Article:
The Fascinating Parallels: Ancient Egyptian Hieroglyphs and the Armenian Alphabet

While perusing an American archaeological journal, I stumbled upon a captivating study focused on ancient scripts. The paper cited examples from Mesopotamian and Egyptian monographs to illustrate the evolution from pictorial symbols to written letters. What caught my eye, however, was an uncanny resemblance between ancient Egyptian hieroglyphs and Armenian letters.

To draw a few parallels: the Egyptian symbol for ‘fish’ resembles the Armenian letter for ‘Dz’ (Ձ- ձուկ), ‘chicken’ or ‘bird’ correlates with ‘H’ (Հ – հավ), and ‘arrow’ or ‘spear’ can be likened to ‘N’ (Ն – նետ, նիզակ). Even the hieroglyph for ‘bottle’ bears similarity to the Armenian ‘Sh’ (Շ – շիշ).

This is not the first time I’ve observed connections possibly rooted in the Hyksos (or Haykian) invasion of Egypt, which seems to have left an indelible impact on Egyptian language and thought. Though I am not an expert in archaeology, and I’ve moved away from linguistics to focus on political work, these observations stir my intuition. It feels as if Armenology stands at the threshold of monumental discoveries.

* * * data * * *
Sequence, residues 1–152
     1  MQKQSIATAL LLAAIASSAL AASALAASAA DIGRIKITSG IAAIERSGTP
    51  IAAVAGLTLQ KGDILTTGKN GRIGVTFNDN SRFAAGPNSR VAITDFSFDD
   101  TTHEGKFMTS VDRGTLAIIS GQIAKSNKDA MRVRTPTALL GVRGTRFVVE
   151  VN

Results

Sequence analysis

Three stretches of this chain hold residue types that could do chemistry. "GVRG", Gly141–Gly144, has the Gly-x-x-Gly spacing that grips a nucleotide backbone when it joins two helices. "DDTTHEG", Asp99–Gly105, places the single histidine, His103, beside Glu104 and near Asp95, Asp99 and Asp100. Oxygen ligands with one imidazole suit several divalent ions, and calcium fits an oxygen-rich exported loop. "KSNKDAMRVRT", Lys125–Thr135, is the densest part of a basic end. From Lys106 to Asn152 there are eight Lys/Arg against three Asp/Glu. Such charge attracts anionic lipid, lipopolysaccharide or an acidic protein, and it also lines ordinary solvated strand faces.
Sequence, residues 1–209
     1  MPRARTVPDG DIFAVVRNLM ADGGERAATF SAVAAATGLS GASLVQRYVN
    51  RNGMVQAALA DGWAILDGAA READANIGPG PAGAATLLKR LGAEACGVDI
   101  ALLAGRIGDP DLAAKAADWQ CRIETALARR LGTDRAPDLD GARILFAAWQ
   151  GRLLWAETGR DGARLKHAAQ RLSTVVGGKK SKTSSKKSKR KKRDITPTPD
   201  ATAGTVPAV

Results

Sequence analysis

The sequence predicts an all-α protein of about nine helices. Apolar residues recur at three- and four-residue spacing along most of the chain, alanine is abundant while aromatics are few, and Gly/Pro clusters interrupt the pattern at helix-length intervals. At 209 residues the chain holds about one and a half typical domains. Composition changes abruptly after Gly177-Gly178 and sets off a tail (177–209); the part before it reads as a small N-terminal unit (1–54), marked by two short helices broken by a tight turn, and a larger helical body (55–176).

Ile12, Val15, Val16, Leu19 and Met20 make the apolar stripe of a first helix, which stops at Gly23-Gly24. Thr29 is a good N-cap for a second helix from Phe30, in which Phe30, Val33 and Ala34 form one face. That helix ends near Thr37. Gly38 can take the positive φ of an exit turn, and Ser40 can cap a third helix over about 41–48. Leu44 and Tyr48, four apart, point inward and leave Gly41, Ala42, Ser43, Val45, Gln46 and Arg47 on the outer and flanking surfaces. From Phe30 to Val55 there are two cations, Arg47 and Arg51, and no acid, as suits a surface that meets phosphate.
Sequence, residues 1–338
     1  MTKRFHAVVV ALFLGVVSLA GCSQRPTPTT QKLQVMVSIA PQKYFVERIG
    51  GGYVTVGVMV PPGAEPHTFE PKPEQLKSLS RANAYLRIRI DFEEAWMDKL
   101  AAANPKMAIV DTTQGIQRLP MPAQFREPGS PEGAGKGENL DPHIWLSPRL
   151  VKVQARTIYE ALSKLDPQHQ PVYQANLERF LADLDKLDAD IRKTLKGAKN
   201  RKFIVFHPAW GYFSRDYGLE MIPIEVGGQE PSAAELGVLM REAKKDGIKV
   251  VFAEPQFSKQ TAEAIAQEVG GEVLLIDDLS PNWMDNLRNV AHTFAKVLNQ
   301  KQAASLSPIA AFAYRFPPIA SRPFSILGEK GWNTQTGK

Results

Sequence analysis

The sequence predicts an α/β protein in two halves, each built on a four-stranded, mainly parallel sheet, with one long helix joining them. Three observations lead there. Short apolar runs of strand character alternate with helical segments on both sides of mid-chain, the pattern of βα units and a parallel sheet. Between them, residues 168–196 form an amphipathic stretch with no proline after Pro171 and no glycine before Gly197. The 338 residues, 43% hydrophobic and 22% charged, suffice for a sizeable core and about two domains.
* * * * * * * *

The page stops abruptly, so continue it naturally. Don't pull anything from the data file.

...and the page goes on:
by Tigran Khzmalyan

Source: Levan Tonaganyan Հայաստան Armenia Армения

It’s a topic that may warrant more scholarly investigation, but for the layperson or enthusiast, these curious correlations raise intriguing questions about cultural intersections and the unexplored intricacies of language evolution. Could this be the starting point for groundbreaking research that further illuminates the rich tapestry of Armenian history and its interactions with ancient civilizations? Only time, and perhaps a renewed focus on Armenology, will tell.

Translated Vigen Avetisyan

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